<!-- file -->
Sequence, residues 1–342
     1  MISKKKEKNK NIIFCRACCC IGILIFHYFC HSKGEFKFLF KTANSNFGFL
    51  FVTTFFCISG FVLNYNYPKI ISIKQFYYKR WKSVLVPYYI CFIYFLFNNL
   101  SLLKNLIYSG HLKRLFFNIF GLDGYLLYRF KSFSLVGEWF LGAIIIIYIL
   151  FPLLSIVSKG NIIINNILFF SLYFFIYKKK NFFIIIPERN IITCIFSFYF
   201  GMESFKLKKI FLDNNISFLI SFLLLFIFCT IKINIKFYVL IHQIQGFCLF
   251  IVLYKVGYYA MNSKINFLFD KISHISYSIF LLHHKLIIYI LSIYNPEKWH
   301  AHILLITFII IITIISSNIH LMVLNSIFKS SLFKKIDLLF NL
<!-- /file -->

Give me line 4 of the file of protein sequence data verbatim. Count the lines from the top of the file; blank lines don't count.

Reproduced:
   101  SLLKNLIYSG HLKRLFFNIF GLDGYLLYRF KSFSLVGEWF LGAIIIIYIL